When comparing the stress bragging group to the control group, the researchers found that perceived stress bragging negatively impacts people’s perceptions of their coworkers’ warmth and competence. Additionally, participants were less likely to say they would help the colleague who bragged about stress at work.

“People are harming themselves by doing something they think will make them look better to their colleagues,” Rodell said.

As for alternative controls, employees who bragged about stress were viewed as less likable than those who simply discussed it. The difference between their perceived competence was not statistically significant. Employees who bragged about stress were also seen as less competent than those who self-promoted. However, stress braggers were seen as more likable than self-promoters.

“When someone constantly talks and brags about their stress, it seems like it’s a good thing to be stressed,” said Jessica Rodell, PhD, a professor in the Department of Management at the University of Georgia’s Terry College of Business. .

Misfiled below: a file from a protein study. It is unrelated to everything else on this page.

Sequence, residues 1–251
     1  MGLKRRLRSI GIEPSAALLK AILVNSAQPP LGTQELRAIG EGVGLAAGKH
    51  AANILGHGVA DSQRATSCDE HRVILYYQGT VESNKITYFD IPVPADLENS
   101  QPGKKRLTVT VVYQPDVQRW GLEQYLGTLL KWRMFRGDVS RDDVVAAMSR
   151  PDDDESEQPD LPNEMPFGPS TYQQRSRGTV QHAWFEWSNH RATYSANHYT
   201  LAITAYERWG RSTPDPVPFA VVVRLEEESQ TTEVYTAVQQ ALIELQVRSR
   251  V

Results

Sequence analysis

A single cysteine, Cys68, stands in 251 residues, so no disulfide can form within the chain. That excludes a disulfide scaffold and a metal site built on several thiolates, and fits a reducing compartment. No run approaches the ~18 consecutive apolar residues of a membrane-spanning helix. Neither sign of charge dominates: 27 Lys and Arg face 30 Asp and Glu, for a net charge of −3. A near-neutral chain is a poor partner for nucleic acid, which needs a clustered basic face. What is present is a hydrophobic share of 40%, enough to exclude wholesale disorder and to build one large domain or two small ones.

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Stress bragging has a ‘spiral contagion effect’ on co-workers

Elsewhere in the study, 218 people were asked to rate their real-life experience with bragging about workplace stress and the impact it had on their own mental health. The researchers found a correlation between stress bragging and increased stress and burnout in the recipient coworker. These results are far from benign, Rodell said, and may have larger implications for the workplace.

“When someone constantly talks and brags about their stress, it seems like it’s good to be stressed,” he said. “It just extends to the coworker next to you. They end up feeling more stressed, which leads to greater burnout or abandonment of their work. “Think of it as this spiraling contagious effect from one person to another.”

For some, bragging about stress can be a well-intentioned way to let off steam. “If you’re really feeling stressed, it’s okay to find the right confidant to share it with and talk about it,” Rodell said.

chronic stressHowever, it can lead to physical and psychological problems, from heart disease to insomnia. Creating a sense of community in your workplace can help identify when a colleague is struggling. Jaclyn Wainwrightco-founder and CEO of Air healthsaid last week during a roundtable in Fortune‘s Health Brainstorming conference in Dana Point, California.

“People suffering from mental health issues, diagnoses or disorders are often unable to raise their hand and ask for help,” Wainwright said. “They almost require a group of people around them to understand that they are not okay, to recognize that they are struggling. And they certainly can’t allow that to happen in a vacuum.”

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If you need immediate mental health support, please contact the 988 Suicide and lifesaving crisis.